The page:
So I kept looking. I used the work of Julia Cameron, author of The Artist Way to assist me in re-discovering my inner creativity. Staying with the definition of mentorship, Cameron is better embraced as a pseudo-mentor.
I happened upon the workshop offerings of a local artist. So far I've participated in twenty-two sessions where it feels quite wonderful to engage in reflective and exploratory learning with a gifted and skilful teacher. The work that I am doing in these sessions has certainly diminished my isolation. Fortunate for me, my relationship with this gifted teacher has moved beyond the boundaries of the workshops. We walk and talk together, and often times find ourselves working together on volunteer projects. Within this shared time, our conversation takes on some of qualities of a mentorship - guidance, advisement, assistance and care. I see our evolving relationship, is more reflective of a budding friendship than it is a mentorship.
Still seeking a mentor, I sought a connection with a previous student in my Life Skills Coach Training program for professionals. We figured that it has been 12 years of almost no contact. Our long overdue visit was insightful, intense and full of wonderful moments. Now I'm quite purposeful about talking to her about my work. Her coaching does hold some of the qualities of mentorship and is closer to resembling the holistic and relational mentorships embedded in my past.
When I connected with another long time colleague I found that I didn't have to look far for that special feeling of inspiration.
The longer standing loyal employee gives a lot in terms of upholding a moral code. Someone like X is a positive influence on others. I know this because she inspires me. Last night's conversation was like a shot in the arm. She talks about students with dignity. She plays a role in the positive collegiality around her. Perhaps this comes with ease because there is friendship in her department. She knows the institution's reality. She understands the landscape. Many don't. (Dec. 2, 2012, Journal entry).
For the most part, classrooms are private places. Teachers seldom have the opportunity to be in one another's classrooms, unless of course team teaching is supported. If the main protagonist of Stephen King's (2012) novel 11/22/63 was not a fictional character, I might seek him out as a potential mentor. What follows is the voice of Jake in Stephen King's novel 11/22/63:
It was good to be back. I enjoyed the students (…) what I loved was teaching. It filled me up in some way I can't explain. Or want to. Explanations are such cheap poetry (p. 285).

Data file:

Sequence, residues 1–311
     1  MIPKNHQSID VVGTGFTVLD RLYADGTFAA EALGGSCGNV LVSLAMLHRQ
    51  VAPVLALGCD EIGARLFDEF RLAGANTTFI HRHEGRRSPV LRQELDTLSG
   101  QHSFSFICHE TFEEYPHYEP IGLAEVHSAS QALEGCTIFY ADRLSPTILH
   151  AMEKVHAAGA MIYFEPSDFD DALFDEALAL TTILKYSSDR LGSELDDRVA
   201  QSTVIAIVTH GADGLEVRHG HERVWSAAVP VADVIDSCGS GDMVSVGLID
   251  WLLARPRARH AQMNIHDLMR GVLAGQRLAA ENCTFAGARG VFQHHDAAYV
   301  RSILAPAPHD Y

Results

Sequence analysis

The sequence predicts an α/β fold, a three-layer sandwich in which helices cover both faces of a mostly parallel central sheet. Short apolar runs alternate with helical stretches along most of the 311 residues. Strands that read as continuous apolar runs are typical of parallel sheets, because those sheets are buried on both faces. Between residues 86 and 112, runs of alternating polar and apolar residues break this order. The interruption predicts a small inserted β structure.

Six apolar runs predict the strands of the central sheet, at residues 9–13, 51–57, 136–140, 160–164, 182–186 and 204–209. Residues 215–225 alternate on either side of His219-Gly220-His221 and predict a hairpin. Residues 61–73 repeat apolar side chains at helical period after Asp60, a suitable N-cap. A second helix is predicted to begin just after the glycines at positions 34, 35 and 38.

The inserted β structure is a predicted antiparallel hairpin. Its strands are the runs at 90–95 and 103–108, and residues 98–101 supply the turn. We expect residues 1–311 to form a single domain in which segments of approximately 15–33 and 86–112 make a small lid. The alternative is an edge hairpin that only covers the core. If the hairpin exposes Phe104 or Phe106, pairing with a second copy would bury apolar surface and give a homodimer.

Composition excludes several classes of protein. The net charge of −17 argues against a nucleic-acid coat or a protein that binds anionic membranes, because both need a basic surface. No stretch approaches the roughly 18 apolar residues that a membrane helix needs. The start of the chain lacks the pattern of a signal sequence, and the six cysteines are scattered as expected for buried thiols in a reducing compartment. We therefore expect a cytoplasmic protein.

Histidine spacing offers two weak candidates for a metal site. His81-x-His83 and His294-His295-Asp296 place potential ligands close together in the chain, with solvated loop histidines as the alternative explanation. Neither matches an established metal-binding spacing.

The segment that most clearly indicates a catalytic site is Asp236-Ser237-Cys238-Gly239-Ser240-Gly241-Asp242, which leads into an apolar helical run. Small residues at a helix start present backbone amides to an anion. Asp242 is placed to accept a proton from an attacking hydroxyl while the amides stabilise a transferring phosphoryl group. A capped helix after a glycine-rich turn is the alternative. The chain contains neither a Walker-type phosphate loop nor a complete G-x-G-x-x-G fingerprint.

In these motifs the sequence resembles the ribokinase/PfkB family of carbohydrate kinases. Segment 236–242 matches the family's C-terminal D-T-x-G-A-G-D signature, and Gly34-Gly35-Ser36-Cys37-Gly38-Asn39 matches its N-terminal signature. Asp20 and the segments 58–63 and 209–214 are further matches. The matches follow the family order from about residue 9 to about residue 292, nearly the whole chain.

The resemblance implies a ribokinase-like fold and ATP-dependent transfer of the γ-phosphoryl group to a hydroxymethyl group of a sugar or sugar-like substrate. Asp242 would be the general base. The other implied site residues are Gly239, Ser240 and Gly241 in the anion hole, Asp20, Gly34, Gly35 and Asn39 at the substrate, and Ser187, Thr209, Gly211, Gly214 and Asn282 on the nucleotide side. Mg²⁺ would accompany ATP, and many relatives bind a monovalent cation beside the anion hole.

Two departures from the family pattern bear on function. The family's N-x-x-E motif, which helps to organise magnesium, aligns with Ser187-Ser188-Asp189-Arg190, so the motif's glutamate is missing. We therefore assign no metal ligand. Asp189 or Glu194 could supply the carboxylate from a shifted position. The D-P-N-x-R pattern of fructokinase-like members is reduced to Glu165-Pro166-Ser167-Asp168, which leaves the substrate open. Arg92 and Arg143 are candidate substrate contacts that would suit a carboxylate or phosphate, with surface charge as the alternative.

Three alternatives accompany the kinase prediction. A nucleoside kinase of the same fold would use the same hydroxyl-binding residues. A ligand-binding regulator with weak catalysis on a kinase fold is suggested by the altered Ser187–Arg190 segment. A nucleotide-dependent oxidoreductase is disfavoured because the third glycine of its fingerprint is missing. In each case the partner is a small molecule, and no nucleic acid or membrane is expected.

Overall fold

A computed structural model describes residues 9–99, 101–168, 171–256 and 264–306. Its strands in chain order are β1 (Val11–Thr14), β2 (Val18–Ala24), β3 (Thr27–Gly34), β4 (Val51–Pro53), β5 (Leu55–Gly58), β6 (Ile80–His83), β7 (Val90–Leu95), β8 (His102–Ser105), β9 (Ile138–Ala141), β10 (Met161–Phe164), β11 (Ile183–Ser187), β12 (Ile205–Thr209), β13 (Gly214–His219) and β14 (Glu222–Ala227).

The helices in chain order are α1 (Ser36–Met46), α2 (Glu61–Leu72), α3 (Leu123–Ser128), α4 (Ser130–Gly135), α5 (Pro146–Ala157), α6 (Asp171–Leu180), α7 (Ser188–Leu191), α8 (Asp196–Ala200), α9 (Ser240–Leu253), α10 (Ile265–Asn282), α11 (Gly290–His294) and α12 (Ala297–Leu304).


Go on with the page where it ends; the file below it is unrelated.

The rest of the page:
My best day as a sub came at West Sarasota High, after I'd told an American Lit class the basic story of The Catcher in the Rye (a book which was not, of course, allowed in the school library and would have been confiscated if brought into those sacred halls by a students) and then encouraged them to talk about Holden Caulfield's chief complaint: that school, grown-ups, and American life in general were all phony. The kids started slow, but by the time the bell rang, everyone was trying to talk at once, and half a dozen risked tardiness at their next classes to offer some final opinion on what was wrong with the society they saw around them. Their eyes were bright, their faces flushed with excitement (p. 285).
Want to know the best thing about teaching? Seeing that moment when a kid discovers his or her gift. There's no feeling on earth like it (p. 322).
The lens into Jake's classroom and teacher thinking helps me know him in a way I seldom get to know my teaching colleagues. What is a seasoned and long time teacher to do with and about mentorship? I encourage anyone to take the time and the effort that is required to find a suitable mentor. As in my case, it may involve a great deal of experimentation.
Earlier I pointed to a recent experience in mentoring others. In lieu of a workload that would have taken me into overtime, one section was dropped. This took me to a weekly workload of forty-two hours with room for two hours of curriculum development support and planning with colleagues. In other words, mentoring others became part of my work assignment. As part of this arrangement, I did two things. I developed and delivered learning outcome workshops and I worked with individual colleagues.
Some of the teachers who took part in one particular workshop were directed to attend because they had not completed the college's required Foundations of Teaching and Learning course [FTL], or its equivalent.